|Depth:||70′ to 85′|
|Dimensions:||137′ x 26′ x12′|
|Cause of Sinking:||Collision w/ schooner Emily B. Maxwell|
|Built:||1861, Euclid, Ohio|
|Date Lost:||September 2nd, 1896|
|Propulsion:||Sail, 3 masts, bark rigged|
|Skill Level:||Intermediate to Advanced|
|Location:||N45° 48.743′ W085° 01.056′|
The Ellsworth was caught in a southwest gale and overnight rainstorm resulting in a 4 AM collision with the Emily B. Maxwell. The Ellsworth then sank bow first. The crew escaped in the yawl to the Maxwell, which delivered them to Mackinaw City. The Ellsworth had only recently returned to service after spending the previous winter ashore near Whitefish Point on Lake Superior. Much of her equipment was salvaged, including her anchors and rigging.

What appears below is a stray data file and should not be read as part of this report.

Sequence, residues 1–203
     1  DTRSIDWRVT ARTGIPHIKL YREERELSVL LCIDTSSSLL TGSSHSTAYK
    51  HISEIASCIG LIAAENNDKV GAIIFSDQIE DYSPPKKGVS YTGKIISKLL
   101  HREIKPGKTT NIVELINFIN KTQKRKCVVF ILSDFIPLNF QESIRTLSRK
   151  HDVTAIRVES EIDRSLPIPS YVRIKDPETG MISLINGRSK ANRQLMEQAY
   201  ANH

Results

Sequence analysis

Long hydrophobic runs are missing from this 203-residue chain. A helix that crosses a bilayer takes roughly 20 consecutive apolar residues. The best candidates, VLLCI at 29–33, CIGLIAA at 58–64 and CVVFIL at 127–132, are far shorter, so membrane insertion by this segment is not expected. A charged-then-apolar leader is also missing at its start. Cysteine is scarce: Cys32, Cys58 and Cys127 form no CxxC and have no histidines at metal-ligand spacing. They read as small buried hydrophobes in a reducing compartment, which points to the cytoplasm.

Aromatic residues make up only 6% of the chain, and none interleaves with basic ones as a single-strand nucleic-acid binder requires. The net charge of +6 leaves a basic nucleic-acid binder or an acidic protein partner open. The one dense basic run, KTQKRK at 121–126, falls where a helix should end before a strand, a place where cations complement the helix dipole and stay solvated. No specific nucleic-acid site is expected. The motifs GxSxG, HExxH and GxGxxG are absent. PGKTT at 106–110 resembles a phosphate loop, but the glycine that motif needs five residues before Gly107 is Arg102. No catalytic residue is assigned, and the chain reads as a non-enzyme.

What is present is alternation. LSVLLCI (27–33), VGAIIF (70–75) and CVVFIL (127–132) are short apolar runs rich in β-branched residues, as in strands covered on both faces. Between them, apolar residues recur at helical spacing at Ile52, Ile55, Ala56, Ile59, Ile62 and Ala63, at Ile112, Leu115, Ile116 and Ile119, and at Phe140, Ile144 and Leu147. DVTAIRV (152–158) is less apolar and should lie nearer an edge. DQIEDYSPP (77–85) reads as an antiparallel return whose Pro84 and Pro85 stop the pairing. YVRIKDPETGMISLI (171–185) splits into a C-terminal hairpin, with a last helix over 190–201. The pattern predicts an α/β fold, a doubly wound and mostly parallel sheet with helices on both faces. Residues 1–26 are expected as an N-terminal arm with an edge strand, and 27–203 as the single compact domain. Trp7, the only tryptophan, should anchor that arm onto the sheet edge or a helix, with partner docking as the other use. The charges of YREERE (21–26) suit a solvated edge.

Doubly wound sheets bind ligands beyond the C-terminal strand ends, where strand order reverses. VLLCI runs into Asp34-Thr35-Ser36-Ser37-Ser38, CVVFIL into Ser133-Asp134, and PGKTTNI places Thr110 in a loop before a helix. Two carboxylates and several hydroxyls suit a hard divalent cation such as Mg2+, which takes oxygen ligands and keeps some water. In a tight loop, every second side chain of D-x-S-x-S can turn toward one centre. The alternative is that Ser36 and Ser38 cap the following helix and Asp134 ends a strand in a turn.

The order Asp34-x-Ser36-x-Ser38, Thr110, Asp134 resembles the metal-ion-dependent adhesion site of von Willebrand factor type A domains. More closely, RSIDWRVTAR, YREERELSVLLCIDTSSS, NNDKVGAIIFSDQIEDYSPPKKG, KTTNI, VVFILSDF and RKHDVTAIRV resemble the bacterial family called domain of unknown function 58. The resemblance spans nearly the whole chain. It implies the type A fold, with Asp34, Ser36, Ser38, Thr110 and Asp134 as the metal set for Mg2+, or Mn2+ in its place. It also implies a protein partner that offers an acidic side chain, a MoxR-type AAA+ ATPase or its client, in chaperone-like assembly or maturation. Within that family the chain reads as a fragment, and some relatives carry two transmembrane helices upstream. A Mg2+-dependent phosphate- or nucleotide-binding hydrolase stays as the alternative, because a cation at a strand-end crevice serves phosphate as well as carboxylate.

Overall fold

Upright, port-side rail broken off and laying on the bottom, but large hatch openings and clear hold allow for a lengthy swim-through. The bow is bent upwards, tipping the windlass (mooring point) slightly. The wreck sits on a mast, sticking out to the starboard bow, not unlike the Minneapolis. This location is often frequented by schools of whitefish and perch.
Mooring Buoy Status
Hooray! We installed a mooring on the Col. Ellsworth in early June 2018, for the first time in several years. Thank you to everyone that requested a mooring on this site. Due to the distance from home, this will probably be one of the first moorings removed in September, so don’t delay your visit. Our coordinates were spot-on, too!